The American League East is unforgiving, so when you pitch poorly you don’t often get away with it. Romero is showing no signs of turning things around, and even if he does, the division he pitches in will limit his upside. With less than two months remaining in the season, expecting Ricky Romero to return to some semblance of his former self is probably unwise. ZiPS is regressing what he is doing this year towards what he has been in the past, but Romero has not been that pitcher at all this year. He should get a little better, but you don’t want to be rolling him out there unless you are trying to attain a better draft slot for 2013.
Ubaldo Jimenez— ZiPS is, again, taking Ubaldo’s 2008-2011 into consideration. But, Ubaldo is simply not the same pitcher. He has lost 3.3 mph off of his fastball since 2010 (down 1.4 mph from 2011) and hasn’t developed enough command to mitigate these loses. Without that mid-90’s heater, Ubaldo is not generating swinging strikes—just 6.5 percent in 2012 (career 8.6 percent), well below league average—and batters aren’t going out of the zone as much, either—22.5 percent in 2012 (career 25.9 percent). And, to add to his woes, his control has completely abandoned him, as he is walking an outrageous 5.36 batters per nine innings (13.2 percent).
His ERA is 5.29 and all of his DIPS agree that an ERA over 5.00 is appropriate. He isn’t even getting unlucky with his BABIP or his strand rate. The story is similar to that of Romero, only Ubaldo offers less hope of respite.
Jair Jurrjens — In 2010, Jurrjens averaged 91.3 mph on his fastball. This year, his average heater is registering just 88.6 mph. As a result, Jurrjens isn’t missing bats. He is striking out just 3.54 batters per nine, a level that is fully embraced by his 4.6 percent swinging strike rate (career 8.0 percent). With a 6.89 ERA, it is difficult to imagine he won’t improve some, but he just doesn’t have the same stuff as he used to and a return to fantasy usefulness in any format seems unlikely.
Pitchers I like More than their ZiPS ranking
RA Dickey— Dickey’s swinging strike rate of 12.1 percent ranks fourth among all starting pitchers this year. Since he began resorting to the knuckleball as a main component of his arsenal, he had not posted a swinging strike rate of higher than 8.4 percent in any season prior to this one. It is difficult to pinpoint exactly what is causing all of the extra whiffs. Batters are chasing pitches out of the zone more and he is throwing the knuckler 1.1 mph faster this year than he did in 2011, but it isn’t as if he has added a breaking pitch or drastically changed the usage of any single pitch. He is just getting batters to swing and miss more often than ever before.
ZiPS projects a conservative 7.08 strikeout rate going forward, but given his newfound ability to miss bats, I think Dickey has the upside to maintain a strikeout rate of nearly a batter an inning. Thus, I see Dickey as more of a top-15—or fringe top-10—pitcher than top-20.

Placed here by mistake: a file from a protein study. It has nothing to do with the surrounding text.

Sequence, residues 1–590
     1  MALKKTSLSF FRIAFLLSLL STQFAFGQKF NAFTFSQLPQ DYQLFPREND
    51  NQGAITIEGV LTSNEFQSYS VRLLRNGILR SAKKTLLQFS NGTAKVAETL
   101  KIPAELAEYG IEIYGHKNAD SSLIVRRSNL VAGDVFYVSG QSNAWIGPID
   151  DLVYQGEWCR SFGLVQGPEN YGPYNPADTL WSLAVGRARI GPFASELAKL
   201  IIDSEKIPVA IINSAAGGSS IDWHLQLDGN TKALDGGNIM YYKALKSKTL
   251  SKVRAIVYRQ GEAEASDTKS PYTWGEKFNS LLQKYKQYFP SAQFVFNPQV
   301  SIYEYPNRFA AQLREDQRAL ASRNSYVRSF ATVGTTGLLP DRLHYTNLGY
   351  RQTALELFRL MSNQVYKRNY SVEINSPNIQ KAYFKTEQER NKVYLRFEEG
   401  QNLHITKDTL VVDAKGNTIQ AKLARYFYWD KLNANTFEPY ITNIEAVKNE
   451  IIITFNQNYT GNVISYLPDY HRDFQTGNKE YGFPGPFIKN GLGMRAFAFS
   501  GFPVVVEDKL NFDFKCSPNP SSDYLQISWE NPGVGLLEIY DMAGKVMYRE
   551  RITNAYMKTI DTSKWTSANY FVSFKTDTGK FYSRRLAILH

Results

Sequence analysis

Doug Fister— Fister upped the usage of his slider and curveball in 2011 and saw his strikeout rate climb from 4.89 to 6.07, validated by a 2.3 percent increase in his whiff rate. This year, Fister has increased his curveball usage further and is also utilizing his changeup more. The result: an increase in swinging strike rate from 6.7 percent to 8.1 percent and a jump to 7.68 strikeouts per nine.
While this type of strikeout rate surge will probably not be completely sustained, a change in pitch mix, especially when increasing the usage of off-speed pitches, makes an increased strikeout rate more explainable. ZiPS projects a strikeout rate of 5.94 going forward, but given the pitch mix/swinging strike rate combination, it seems reasonable that Fister could outperform that projection, and, in turn, produce a lower ERA and WHIP, as well.
Ryan Dempster— With a BABIP 46 points lower than his career average and a strand rate 8 percent higher, it is reasonable to expect a lot of regression from Dempster down the stretch. And swapping the NL Central for the AL West will only fuel that regression further. The question is how much regression, though? ZiPS thinks a 4.50 ERA is an appropriate adjustment given Dempster’s track record and league switch. Maybe ZiPS will end up being correct, but given the way he has pitched so far this year, and given his control gains both in walk rate and in his first strike percentage—the best of his career—I would give Dempster more credit than that.
Arbitrary Adjustment: Giving him a 4.00 ERA, 1.35 WHIP would move him up to 56th among starters. A 3.75 ERA and 1.30 WHIP moves him to 46th, and add a win to the latter projection and he slides up to 33rd. Dempster is a sell-high right now, there is little debate about that, but I would still move him up to the 40-50 range among starting pitchers.
Matt Harvey—ZiPS only projects Harvey for six starts. If we translate his numbers to nine starts, he would move up to 89th.
Wade Miley—One would assume that a pitcher with a 3.64 FIP over his first 172.2 major league innings would get more love from ZiPS, but this is not the case. Miley has never really had the type of success in the minors that he is having this season. He is probably getting some BABIP assistance and some good fortune with his strand rate, too, but he has demonstrated tremendous control and is crafting a profile that is beginning to look very reminiscent to that of Doug Fister – good ground ball rate, very low walk rate, modest strikeout numbers. He isn’t quite in Doug Fister’s range yet, but he has probably established himself as a top-60 option.